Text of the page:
This invention provides an improvement for use in a vehicle suspension system, of which a fragmentary schematic portion is generally indicated at 10 in FIG. 1. This suspension system is shown as including, in pertinent part, a coil spring 11 and a servocontrolled double-acting hydraulic actuator 12 operatively interposed between a support 13 on which wheel 14 is mounted and the body 15 of a vehicle. The spring and actuator are shown as being arranged in parallel, but this configuration need not invariably obtain. Persons skilled in this art will readily appreciate that the wheel-supporting device 13 is suitably mounted, via control arms and the like (not shown), for upward and downward movement relative to the body. The specific structure by which such device is mounted on the body, has been omitted in the interest of clarity. Thus, spring 11 is shown as having its upper end portion 16 arranged to act against a portion of the body, and as having its lower end portion 18 arranged to act against the wheel-supporting device 13.

Actuator 12 is shown as being a conventional double-acting hydraulic actuator arranged to act between the body and the support. The specific details of the servocontrol (e.g., the servovalve, the fluid source, and the like) have been omitted in the interest of clarity. Actuator 12 is simply shown as having a cylinder 19 mounted on the wheel-supporting device, and having a piston 20 slidably mounted within this cylinder. The piston is connected to the body via a rod 21. Thus, fluid may be selectively permitted to flow to and from the opposed actuator chambers to vary the relative positions of the wheel and body.

The present invention provides a unique improvement for use in such a vehicle suspension system, and allows the use of a short-stroke transducer to sense the relative position of the two relative-movable long-stroke masses.

Referring now to FIGS. 2 and 3, the improvement includes a transducer 22, such as an LVDT or the like, for converting position into an analog electrical signal. The transducer has a core 23 mounted for movement relative to a sensing coil 24. Coil 24 is mounted to the body 15 of the vehicle for movement therewith. However, the core 23 is not connected directly to the road wheel assembly. Rather, the core is connected to an intermediate portion, indicated at 25, of spring 11. Thus, if the spring has a vertical length "L", the portion of the spring between the body and the point (i.e., 25) at which the core is connected, is represented by the vertical distance "a", and the balance of the spring between this point and the wheel support is represented by vertical distance "b". Thus,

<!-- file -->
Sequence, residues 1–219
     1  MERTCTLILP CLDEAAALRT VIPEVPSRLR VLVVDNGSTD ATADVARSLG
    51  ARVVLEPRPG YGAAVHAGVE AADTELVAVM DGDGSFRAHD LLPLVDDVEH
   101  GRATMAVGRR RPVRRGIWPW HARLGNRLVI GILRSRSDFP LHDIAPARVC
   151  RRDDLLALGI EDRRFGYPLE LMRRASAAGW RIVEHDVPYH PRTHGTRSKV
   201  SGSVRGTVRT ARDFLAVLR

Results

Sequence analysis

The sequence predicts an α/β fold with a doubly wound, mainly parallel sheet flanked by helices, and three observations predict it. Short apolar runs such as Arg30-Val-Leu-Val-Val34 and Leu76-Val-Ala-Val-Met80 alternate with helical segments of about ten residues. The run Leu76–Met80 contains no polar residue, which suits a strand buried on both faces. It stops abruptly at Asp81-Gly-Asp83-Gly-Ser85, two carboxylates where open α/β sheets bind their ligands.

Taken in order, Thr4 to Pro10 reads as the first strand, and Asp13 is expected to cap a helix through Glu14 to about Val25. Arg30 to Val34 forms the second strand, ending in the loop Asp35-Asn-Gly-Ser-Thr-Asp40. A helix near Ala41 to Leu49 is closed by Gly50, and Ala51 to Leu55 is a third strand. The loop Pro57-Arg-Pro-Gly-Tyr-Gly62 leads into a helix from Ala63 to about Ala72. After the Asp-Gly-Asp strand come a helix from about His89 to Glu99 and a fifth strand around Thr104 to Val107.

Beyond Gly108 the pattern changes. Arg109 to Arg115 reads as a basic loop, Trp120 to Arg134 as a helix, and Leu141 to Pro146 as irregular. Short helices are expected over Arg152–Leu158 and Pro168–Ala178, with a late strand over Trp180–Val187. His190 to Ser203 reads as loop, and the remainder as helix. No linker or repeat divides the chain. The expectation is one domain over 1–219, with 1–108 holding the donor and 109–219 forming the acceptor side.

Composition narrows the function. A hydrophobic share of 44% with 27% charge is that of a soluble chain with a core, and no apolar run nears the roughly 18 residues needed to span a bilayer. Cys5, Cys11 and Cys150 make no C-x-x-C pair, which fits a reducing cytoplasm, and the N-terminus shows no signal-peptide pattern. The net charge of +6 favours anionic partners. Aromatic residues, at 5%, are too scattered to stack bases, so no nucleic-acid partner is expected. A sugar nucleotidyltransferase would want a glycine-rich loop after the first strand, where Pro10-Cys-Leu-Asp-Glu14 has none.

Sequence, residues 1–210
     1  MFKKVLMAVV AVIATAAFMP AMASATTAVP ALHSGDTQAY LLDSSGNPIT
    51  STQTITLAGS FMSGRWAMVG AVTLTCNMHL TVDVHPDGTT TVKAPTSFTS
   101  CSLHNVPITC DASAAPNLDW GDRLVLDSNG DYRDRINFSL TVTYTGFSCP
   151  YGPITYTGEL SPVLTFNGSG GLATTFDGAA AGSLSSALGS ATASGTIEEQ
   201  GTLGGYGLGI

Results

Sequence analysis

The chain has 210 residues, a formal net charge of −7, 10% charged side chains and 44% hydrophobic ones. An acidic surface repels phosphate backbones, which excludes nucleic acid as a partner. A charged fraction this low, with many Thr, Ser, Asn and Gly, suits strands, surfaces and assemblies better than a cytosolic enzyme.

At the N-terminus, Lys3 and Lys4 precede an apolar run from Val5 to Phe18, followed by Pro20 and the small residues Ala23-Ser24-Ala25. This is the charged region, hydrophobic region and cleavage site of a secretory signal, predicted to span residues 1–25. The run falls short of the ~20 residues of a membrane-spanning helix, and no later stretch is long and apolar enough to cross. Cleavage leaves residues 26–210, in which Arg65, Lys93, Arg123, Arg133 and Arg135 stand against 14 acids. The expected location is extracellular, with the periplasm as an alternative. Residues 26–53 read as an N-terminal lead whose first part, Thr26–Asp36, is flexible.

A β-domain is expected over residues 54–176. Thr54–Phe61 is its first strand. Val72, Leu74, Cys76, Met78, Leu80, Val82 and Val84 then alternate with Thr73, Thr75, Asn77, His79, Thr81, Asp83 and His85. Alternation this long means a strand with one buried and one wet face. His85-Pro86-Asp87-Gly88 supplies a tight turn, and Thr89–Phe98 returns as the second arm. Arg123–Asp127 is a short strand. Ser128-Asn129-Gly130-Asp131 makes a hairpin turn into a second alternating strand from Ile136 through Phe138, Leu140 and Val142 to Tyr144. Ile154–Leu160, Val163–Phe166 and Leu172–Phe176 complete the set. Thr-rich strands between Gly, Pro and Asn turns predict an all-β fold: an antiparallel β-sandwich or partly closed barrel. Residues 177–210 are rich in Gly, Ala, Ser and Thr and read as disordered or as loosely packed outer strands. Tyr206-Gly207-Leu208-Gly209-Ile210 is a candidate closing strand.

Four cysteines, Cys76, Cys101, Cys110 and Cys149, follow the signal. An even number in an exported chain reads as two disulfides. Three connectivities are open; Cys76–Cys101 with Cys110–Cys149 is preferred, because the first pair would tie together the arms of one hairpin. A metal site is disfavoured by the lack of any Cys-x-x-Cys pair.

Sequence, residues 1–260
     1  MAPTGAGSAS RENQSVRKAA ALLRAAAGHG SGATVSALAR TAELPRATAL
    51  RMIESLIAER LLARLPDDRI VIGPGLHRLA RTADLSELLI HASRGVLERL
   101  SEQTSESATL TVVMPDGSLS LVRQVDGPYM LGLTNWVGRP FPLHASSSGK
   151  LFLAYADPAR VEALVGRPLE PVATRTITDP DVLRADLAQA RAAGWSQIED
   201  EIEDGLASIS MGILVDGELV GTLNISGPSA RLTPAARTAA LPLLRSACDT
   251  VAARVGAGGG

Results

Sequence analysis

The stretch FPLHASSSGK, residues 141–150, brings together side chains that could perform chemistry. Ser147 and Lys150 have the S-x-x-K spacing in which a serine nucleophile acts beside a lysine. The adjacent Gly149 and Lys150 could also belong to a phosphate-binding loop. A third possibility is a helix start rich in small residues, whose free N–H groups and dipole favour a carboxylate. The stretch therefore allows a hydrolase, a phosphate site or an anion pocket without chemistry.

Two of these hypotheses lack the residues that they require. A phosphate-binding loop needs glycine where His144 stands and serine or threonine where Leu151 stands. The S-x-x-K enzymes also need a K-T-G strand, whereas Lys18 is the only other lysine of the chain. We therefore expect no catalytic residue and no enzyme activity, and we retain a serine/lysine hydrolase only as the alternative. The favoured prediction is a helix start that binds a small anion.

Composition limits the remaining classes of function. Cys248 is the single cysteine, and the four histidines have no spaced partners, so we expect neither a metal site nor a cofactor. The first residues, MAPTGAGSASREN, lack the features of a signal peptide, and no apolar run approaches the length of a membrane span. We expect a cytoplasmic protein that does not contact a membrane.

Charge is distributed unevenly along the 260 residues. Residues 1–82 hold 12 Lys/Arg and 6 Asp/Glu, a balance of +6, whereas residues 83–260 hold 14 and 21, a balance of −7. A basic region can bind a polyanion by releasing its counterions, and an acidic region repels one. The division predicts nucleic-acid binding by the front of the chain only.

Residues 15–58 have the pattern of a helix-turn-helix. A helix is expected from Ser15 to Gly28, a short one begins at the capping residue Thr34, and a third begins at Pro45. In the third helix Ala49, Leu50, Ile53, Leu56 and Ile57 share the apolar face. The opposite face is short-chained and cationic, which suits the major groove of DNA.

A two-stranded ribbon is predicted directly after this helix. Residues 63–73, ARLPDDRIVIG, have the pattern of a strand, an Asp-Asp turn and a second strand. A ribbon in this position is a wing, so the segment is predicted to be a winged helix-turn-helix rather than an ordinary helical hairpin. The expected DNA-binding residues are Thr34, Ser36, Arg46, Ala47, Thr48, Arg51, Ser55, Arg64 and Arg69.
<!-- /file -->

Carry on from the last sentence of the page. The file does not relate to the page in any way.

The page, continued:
L=a+b

The significance of this arrangement is that the vertical displacement of the core relative to the coil will be a fraction of the displacement of the road wheel relative to the body. In other words, if the road wheel assembly 13 moves upwardly by a distance "X", as by hitting a bump, the transducer core will move upwardly relative to the coil, by a proportionally-smaller distance "st " according to the formula:

xt =aX/L

This, of course, assumes the absence of friction, and that such compressive displacement of the spring occurs uniformly over its entire length. The foregoing equation may be readily solved for "a":

a=xt L/X

Thus, for example, if the spring has a nominal length of, say, 10 units when X =0, if the displacement of the road wheel relative to the body is, say, x=6 units, and if it is desired to use a short-stroke LVDT having a measuring range of, say, xt =1.75 units, then:

a=(1.75)(10)/(6)=2.92 units

Thus, the invention provides a unique improvement for use with a vehicle suspension system, and particularly with an "active" system, which allows the use of a short-stroke transducer to measure the displacement of one mass, such as a control arm or the like, relative to another mass, such as the body of a vehicle.

Modifications